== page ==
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Old 03-15-14, 03:23 AM   #26
FolsomJohn
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Are you currently using clipless pedals on your hybrid? If not you might want to get some for your current bike (you can install them on new bike later) and get used to using them on a bike you are already familiar with riding because you are certainly going to want them on a road bike to keep up with the group.
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Old 03-15-14, 04:14 AM   #27
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If your body will accommodate the road bike body position, do it. You will not regret it. If not, don't be tempted to go to a tire less than 32mm on the comfort bike as so much weight is being supported by the rear and you will have tire/flat issues, if not rim problems. The rear wheel needs to have tall side walls and extra width due to supporting so much body weight.

There is absolutely no way to make a comfort bike go with the ease of a road bike unless drop bars are added, a wheel change is made, and gearing is rearranged. I have played with this for some time and decided some comfort bikes can be made into effective touring bikes, but will never equal a roadie bike. Most comfort bikes have jacked up geometry due to those stupid rubber bumper/spring forks that make conversion to a rode bike less than effective.
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Old 03-15-14, 07:58 AM   #28
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If your body will accommodate the road bike body position, do it. You will not regret it. If not, don't be tempted to go to a tire less than 32mm on the comfort bike as so much weight is being supported by the rear and you will have tire/flat issues, if not rim problems. The rear wheel needs to have tall side walls and extra width due to supporting so much body weight.

There is absolutely no way to make a comfort bike go with the ease of a road bike unless drop bars are added, a wheel change is made, and gearing is rearranged. I have played with this for some time and decided some comfort bikes can be made into effective touring bikes, but will never equal a roadie bike. Most comfort bikes have jacked up geometry due to those stupid rubber bumper/spring forks that make conversion to a rode bike less than effective.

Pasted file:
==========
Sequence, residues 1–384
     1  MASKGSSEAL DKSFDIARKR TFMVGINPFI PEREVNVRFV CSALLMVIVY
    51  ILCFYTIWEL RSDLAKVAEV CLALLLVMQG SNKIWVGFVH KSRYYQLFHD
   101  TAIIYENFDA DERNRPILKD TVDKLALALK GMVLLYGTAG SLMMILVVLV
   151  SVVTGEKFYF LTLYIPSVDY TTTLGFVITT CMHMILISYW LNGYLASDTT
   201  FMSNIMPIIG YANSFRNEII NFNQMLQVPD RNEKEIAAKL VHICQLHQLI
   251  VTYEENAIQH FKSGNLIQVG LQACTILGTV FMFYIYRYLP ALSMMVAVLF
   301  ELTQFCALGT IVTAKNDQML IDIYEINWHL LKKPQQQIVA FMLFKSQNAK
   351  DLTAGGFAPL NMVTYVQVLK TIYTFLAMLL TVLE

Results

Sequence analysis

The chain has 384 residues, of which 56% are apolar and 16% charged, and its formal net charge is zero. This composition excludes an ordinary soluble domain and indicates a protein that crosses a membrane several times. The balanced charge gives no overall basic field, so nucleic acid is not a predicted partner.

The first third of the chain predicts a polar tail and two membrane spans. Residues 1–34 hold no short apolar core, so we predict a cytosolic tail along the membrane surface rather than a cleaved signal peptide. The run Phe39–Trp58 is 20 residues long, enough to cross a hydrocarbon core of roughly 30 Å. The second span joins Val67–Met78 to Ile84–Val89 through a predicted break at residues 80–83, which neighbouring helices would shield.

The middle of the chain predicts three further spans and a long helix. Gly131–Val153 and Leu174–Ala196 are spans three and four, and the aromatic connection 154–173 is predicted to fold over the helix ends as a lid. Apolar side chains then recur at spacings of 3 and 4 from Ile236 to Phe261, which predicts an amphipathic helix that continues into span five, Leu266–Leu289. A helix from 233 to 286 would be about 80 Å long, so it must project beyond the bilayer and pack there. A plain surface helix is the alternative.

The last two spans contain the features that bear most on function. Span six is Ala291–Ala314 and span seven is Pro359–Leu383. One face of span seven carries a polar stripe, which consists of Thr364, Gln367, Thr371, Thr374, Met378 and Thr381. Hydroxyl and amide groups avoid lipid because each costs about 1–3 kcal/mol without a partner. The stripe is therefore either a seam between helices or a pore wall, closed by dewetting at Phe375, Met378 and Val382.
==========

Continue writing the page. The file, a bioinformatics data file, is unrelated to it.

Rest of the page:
My "comfort bike":

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Old 03-15-14, 08:07 AM   #29
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More aerodynamic than I am with my drop bar bike.
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Old 03-15-14, 09:35 AM   #30
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The Sirrus is not a comfort bike as referenced in this thread. It is likely very comfortable for you, though! Cannondale Quick models are similar in form to the Sirrus. Really, they are flat bar touring bikes, ie, day bikes. Good choice for someone who does not care for the typical drop bar.
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Old 03-15-14, 09:45 AM   #31
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Is it common to switch from a hybrid to a road bike after age 65? I'm tired of the hybrid and want something to keep up with the road bikes on rides.
No law states that you can't have and ride both types.
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Old 03-15-14, 10:10 AM   #32
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No law states that you can't have and ride both types.
Indeed. The Cult of N+1 is the prevailing religion on these forums, with a large following of fervent believers.
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Old 03-15-14, 10:23 AM   #33
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More aerodynamic than I am with my drop bar bike.
Reasonably efficient (in aero. terms), though could be improved slightly with a narrower bar!

BTW, I would imagine your Salsa is much the prettier! I have always preferred and will always prefer the look of drop-bar road bikes. I suffer the aesthetic limitations of my bike for the sake of my physiological limitations!